My name is Rob Cherny and I'm a professional Web Developer with 16 years of experience creating Web sites and Web-based applications. This site is where I write about my work, and random other things...

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Goodbye CSS Beauty? No Way.

Over at CSS Beauty Alex posts commenting on the fact that Stylegala is being sold and points to an article which comments on CSS gallery sites and if they still are of value, or if their time is coming to an end. Both Alex and Simon Collison agree that the time is now to diversify and think about new ways to show the ways standards can look good. Both from a code perspective and from a simple look and feel perspective.

I posted over there and just thought I’d mirror here:


I couldn’t agree more. Sites like yours are essential not only to the community but to those who haven’t caught the Web Standards bug. There’s an army of them out there and they still are using tables and don’t know the power of separating content from presentation (and, more recently, from behavior). Ironically, they seem to be more in IT departments lately from what I can tell, but they’re also the easiest to convince, typically. They just haven’t been paying attention.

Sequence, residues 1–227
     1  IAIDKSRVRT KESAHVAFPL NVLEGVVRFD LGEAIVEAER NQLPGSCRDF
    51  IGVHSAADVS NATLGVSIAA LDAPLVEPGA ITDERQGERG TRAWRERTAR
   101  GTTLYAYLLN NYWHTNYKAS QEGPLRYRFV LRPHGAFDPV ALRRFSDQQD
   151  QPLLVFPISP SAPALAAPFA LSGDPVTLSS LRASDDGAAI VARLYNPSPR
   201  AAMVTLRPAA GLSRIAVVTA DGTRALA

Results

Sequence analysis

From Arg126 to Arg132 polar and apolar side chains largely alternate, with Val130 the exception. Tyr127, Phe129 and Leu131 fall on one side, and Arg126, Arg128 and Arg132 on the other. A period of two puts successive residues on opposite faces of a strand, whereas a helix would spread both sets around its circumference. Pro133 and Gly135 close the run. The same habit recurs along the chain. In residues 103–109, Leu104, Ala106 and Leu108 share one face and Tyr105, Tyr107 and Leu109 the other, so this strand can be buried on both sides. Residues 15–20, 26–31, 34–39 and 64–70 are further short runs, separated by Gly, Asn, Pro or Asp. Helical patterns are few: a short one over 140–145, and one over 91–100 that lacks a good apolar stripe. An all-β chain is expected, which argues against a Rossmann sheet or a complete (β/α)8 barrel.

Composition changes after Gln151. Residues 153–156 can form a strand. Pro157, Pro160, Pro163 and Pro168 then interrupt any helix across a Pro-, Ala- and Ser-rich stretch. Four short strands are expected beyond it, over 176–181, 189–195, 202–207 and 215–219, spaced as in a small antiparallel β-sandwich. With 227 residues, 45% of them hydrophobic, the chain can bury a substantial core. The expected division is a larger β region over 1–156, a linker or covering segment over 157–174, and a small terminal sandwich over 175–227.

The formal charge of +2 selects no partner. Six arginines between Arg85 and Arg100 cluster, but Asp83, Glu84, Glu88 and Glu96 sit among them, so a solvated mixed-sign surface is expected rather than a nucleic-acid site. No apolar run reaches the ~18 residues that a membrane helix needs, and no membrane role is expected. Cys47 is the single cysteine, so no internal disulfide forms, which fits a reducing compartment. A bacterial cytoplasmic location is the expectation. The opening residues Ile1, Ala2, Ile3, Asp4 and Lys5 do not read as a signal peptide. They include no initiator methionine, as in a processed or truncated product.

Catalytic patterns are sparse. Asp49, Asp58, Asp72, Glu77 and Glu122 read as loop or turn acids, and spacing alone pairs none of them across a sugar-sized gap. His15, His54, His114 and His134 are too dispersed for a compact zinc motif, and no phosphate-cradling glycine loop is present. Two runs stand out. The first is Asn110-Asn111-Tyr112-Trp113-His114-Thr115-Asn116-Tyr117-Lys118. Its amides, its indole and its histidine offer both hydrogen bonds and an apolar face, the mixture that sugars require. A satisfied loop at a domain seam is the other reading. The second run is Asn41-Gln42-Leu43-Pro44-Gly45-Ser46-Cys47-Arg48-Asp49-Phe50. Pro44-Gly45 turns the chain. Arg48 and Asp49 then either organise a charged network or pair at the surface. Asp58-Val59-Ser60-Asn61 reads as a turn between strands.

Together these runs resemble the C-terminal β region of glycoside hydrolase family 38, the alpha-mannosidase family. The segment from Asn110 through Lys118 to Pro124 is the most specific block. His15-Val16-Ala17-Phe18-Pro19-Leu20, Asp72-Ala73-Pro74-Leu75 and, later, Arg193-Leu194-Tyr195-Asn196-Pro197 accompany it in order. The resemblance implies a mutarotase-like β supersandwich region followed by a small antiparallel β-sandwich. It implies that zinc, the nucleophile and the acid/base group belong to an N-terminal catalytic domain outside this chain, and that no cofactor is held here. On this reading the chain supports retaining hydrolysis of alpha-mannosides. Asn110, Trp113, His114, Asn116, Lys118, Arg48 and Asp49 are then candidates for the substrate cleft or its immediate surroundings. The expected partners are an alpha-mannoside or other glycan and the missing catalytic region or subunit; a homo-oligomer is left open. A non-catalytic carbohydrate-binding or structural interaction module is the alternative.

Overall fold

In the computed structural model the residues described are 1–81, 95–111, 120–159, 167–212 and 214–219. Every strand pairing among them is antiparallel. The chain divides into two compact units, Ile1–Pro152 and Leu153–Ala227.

Folks see sites like the ones you feature and they know you can do great things visually with standards. Will it be comprehensive? No way, that’s a pipe dream. There’s this site called google to index the Web. Don’t try it.

Visual design hooks people in and eliminates doubt where naysayers years ago assumed CSS based design was boring.

I’ve noticed a shift—years ago it was that—“CSS is boring”. Now more and more it sparks interest when you introduce people to it and they see what great things it can do. But we still have to reach that army of people who need to know, and there’s plenty out there, trust me, I’ve seen their resumes.

Besides, a good looking site is good looking site, and does provide inspiration on many levels, either the code or the way it looks.

How did you learn HTML first? Finding a site which looked good and viewing the source.

The more we talk about how we’ve done it, the more people will buy in, and there’s many more who still need to learn.

I think you’re on the right track. Keep it up. Diversify the site and make it about all about Web standards. We need more, not less. The question becomes, who’s your audience? Those that know, or those that still need to learn? Or both? How do you address that difference?

Well, that's why this site is what it is. I'm walking that line, still trying to show some interesting content about new ways of doing things. I figure you can't have enough of fighting the good fight.

May 18, 09:55 AM in Web Development (filed under Design, Web-Standards)

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